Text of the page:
Fig. 4.

Sequence variability and similarity between the nucleotides 893 to 1226 of the ORF26 of HHV-8 genome among HHV-8+ samples from 6 patients with POEMS syndrome, 1 HIV-infected patient with Kaposi’s sarcoma (KS) and multicentric Castleman’s disease (MCD) (patient KS/MCD), and 8 healthy African blood donors (ABD). Only nucleotides of the 11 identified variable positions are included. All nucleotides at the other unvariable positions are similar to those reported in the original sequence KSHV AIDS (GenBank U40377) initially published by Chang et al.3The positional nomenclature used for ORF26 follows that of Chang et al.3 Bold and underlined nucleotide substitutions at positions 1032, 1033, and 1132 (patients with POEMS syndrome) and 981 (patient KS/MCD) lead to amino acids changes. BM, bone marrow; LN, lymph node; Myel, myeloma.

Phylogenetic analysis was performed on 334 bp of HHV-8 ORF26 obtained from 6 patients with POEMS syndrome and controls, and 12 representative sequences previously used to define three subgroups of HHV-8 variability in ORF26.14 The phylogram showed that individual HHV-8 DNA sequences were distributed into three subgroups (Fig 5). These subgroups could not be recognized as distinct clades, because bootstrap values were not significant. However, the three branches of the phylogram corresponded to subgroups A, B, and C of ORF26 variability, defined by Zong et al.14 All HHV-8 sequences from POEMS patients belonged to the subgroup B when only 4 of the 22 sequences used for comparison belonged to this subgroup.

Fig. 5.

Phylogram generated by the Fitch and Margoliash method, based on 334 nucleotides of the ORF26 of HHV-8 detected in tissue samples from 6 patients with POEMS syndrome, 1 HIV-infected patient with Kaposi’s sarcoma and multicentric Castleman’s disease (KS/MCD), 8 healthy African blood donors (ABD), and 12 representative sequences previously used to define 3 subgroups of HHV-8 variability in ORF26 (from patients with HIV-related Kaposi’s sarcoma: KSHV AIDS, ST1 AIDS KS, ST2 AIDS KS, ST3 AIDS KS, C282 AIDS KS, ASM70 Lung KS, and AKS1 AIDS KS; from patients with non–HIV-related Kaposi’s sarcoma: 431 KAP Endemic KS and EKS1 non-AIDS KS; and from patients with HIV-associated body-cavity–based lymphoma: BCBL-1, BCBL-2, and BCBLR AIDS Lym).14 KSHV AIDS is from the original sequence published by Chang et al,3 including the KS330233Bam fragment; BCBL-1 and BCBL-2 have been previously reported by Cesarman et al.56 The 31 examined 334-bp ORF26 sequences of HHV-8 genome fell into three distinct but very narrow subgroupings, corresponding to variants of the subgroups A, B, and C defined by Zong et al.14 However, distinct clades among the HHV-8 strains were not supported by significant bootstrap values. All ORF26 sequences from patients with POEMS syndrome belonged to the subgroup B. Homologous BDLF1 gene of EBV (GenBank: VO1555) and ORF26 of herpesvirus Saimiri (HVS) (GenBank: AF005370) were used as outgroups. Vertical branches are for clarity only; the lengths of the horizontal branches are proportional to the single base changes. Numbers at nodes represent the percentage of bootstrap samples for 100 replications, for which the corresponding cluster is depicted to the right. BM, bone marrow; KS, Kaposi’s sarcoma; Lym, lymphoma; LN, lymph node; Myel, myeloma.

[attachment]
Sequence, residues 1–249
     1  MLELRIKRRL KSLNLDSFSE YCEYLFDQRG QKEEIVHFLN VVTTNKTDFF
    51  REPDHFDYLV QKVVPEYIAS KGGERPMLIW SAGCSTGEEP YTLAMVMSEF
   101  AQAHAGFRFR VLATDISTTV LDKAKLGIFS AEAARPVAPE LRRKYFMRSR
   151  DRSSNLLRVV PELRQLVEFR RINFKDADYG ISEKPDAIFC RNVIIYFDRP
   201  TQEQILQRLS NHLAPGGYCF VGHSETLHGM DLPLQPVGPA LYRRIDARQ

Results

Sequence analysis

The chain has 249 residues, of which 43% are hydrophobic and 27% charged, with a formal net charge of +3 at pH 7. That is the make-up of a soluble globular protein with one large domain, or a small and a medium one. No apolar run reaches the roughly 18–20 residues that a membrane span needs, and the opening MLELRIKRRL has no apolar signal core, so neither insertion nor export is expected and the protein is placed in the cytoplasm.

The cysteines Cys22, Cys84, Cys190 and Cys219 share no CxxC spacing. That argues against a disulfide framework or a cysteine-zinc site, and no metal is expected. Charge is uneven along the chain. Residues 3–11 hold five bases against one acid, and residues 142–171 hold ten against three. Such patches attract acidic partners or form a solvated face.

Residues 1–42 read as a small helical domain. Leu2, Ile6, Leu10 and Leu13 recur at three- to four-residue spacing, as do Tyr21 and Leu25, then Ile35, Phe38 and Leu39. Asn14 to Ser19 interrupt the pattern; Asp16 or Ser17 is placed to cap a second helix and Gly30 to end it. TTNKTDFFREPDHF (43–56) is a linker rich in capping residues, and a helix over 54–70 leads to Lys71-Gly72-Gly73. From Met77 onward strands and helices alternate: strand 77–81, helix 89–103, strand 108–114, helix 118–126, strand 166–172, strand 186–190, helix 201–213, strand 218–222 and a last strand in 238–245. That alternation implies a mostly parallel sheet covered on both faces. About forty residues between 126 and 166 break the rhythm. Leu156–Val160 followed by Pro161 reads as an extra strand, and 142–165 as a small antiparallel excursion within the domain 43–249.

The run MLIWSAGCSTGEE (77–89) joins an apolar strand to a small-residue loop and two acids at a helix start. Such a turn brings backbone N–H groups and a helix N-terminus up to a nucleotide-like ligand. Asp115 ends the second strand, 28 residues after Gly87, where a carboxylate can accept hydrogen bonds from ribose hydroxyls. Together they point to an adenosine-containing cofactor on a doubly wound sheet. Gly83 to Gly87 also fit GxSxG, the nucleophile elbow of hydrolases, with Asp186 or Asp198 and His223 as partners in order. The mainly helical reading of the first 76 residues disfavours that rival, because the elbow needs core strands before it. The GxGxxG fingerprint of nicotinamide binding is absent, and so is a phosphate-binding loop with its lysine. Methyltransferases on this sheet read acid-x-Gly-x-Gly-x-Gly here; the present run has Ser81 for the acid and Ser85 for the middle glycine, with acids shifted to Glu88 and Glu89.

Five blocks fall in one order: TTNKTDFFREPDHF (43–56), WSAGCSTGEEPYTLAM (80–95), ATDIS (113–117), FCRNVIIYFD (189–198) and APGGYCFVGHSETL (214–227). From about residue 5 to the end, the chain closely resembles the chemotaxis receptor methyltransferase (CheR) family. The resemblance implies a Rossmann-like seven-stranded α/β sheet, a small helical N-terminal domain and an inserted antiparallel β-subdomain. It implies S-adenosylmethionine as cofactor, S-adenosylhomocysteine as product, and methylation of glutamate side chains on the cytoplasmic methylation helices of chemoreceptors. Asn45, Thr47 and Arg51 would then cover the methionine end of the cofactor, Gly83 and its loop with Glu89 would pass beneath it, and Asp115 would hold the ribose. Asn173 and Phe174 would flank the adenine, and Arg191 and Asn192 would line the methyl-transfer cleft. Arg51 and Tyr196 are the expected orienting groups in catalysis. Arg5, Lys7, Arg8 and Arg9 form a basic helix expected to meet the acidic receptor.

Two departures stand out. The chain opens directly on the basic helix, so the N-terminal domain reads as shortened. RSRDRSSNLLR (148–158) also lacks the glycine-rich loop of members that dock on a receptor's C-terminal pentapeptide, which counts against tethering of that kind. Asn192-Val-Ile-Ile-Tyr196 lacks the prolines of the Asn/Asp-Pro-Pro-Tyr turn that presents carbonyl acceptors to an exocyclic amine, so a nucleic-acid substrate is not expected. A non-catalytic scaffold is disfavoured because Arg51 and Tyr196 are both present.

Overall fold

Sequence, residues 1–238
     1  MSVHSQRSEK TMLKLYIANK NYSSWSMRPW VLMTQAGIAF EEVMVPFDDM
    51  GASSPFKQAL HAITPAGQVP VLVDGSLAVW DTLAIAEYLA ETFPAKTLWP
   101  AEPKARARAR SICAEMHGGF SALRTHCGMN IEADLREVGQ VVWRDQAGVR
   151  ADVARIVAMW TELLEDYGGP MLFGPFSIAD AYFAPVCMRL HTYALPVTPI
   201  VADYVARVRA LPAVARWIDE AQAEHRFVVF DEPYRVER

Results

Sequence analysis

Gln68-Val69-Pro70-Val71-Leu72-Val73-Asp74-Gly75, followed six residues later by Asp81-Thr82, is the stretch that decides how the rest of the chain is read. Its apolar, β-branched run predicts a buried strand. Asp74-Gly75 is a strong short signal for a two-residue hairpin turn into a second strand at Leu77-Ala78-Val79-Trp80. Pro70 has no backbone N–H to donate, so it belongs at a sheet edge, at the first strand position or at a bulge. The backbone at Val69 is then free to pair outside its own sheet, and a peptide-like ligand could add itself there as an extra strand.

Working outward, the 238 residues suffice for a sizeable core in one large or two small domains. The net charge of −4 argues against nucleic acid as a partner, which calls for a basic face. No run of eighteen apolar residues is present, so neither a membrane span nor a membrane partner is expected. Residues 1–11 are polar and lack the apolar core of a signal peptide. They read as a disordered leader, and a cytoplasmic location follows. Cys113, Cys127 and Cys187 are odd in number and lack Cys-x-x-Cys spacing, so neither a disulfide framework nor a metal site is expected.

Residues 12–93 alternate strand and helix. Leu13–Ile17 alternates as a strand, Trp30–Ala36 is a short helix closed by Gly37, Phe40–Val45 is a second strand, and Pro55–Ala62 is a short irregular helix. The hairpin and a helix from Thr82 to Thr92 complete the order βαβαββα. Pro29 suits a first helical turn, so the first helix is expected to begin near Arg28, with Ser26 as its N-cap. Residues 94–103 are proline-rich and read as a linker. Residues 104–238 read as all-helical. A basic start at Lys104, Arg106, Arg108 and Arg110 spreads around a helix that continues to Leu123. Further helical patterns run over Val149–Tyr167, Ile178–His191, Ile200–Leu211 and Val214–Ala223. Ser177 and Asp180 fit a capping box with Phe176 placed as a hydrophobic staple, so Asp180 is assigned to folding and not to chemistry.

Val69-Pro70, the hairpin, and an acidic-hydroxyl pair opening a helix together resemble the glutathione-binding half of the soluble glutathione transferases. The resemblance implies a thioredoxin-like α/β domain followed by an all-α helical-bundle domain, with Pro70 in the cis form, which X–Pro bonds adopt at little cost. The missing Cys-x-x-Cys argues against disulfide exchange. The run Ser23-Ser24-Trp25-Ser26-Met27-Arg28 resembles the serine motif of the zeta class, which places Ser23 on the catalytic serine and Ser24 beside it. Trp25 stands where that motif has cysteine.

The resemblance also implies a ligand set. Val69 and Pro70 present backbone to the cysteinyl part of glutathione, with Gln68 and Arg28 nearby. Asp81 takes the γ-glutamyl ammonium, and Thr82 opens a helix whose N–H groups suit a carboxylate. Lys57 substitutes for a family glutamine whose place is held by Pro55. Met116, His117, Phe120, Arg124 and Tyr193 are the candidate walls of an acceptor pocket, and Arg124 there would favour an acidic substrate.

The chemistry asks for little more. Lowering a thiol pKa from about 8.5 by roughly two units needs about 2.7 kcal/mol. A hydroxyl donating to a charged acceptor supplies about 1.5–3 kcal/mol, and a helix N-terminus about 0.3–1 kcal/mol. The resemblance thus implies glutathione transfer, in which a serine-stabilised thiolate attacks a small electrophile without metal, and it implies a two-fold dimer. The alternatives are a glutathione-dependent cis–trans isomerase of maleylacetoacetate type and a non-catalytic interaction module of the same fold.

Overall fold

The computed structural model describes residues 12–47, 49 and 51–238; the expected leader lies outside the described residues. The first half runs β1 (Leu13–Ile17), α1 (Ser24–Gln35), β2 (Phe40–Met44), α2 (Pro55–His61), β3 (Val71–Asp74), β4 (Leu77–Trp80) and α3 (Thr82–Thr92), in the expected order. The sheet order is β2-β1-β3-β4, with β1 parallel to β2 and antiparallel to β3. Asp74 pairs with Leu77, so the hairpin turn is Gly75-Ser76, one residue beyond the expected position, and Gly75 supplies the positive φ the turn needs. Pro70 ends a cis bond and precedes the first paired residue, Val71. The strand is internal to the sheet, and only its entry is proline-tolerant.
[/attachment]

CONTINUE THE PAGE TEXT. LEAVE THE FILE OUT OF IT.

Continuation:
Fig. 5.

Phylogram generated by the Fitch and Margoliash method, based on 334 nucleotides of the ORF26 of HHV-8 detected in tissue samples from 6 patients with POEMS syndrome, 1 HIV-infected patient with Kaposi’s sarcoma and multicentric Castleman’s disease (KS/MCD), 8 healthy African blood donors (ABD), and 12 representative sequences previously used to define 3 subgroups of HHV-8 variability in ORF26 (from patients with HIV-related Kaposi’s sarcoma: KSHV AIDS, ST1 AIDS KS, ST2 AIDS KS, ST3 AIDS KS, C282 AIDS KS, ASM70 Lung KS, and AKS1 AIDS KS; from patients with non–HIV-related Kaposi’s sarcoma: 431 KAP Endemic KS and EKS1 non-AIDS KS; and from patients with HIV-associated body-cavity–based lymphoma: BCBL-1, BCBL-2, and BCBLR AIDS Lym).14 KSHV AIDS is from the original sequence published by Chang et al,3 including the KS330233Bam fragment; BCBL-1 and BCBL-2 have been previously reported by Cesarman et al.56 The 31 examined 334-bp ORF26 sequences of HHV-8 genome fell into three distinct but very narrow subgroupings, corresponding to variants of the subgroups A, B, and C defined by Zong et al.14 However, distinct clades among the HHV-8 strains were not supported by significant bootstrap values. All ORF26 sequences from patients with POEMS syndrome belonged to the subgroup B. Homologous BDLF1 gene of EBV (GenBank: VO1555) and ORF26 of herpesvirus Saimiri (HVS) (GenBank: AF005370) were used as outgroups. Vertical branches are for clarity only; the lengths of the horizontal branches are proportional to the single base changes. Numbers at nodes represent the percentage of bootstrap samples for 100 replications, for which the corresponding cluster is depicted to the right. BM, bone marrow; KS, Kaposi’s sarcoma; Lym, lymphoma; LN, lymph node; Myel, myeloma.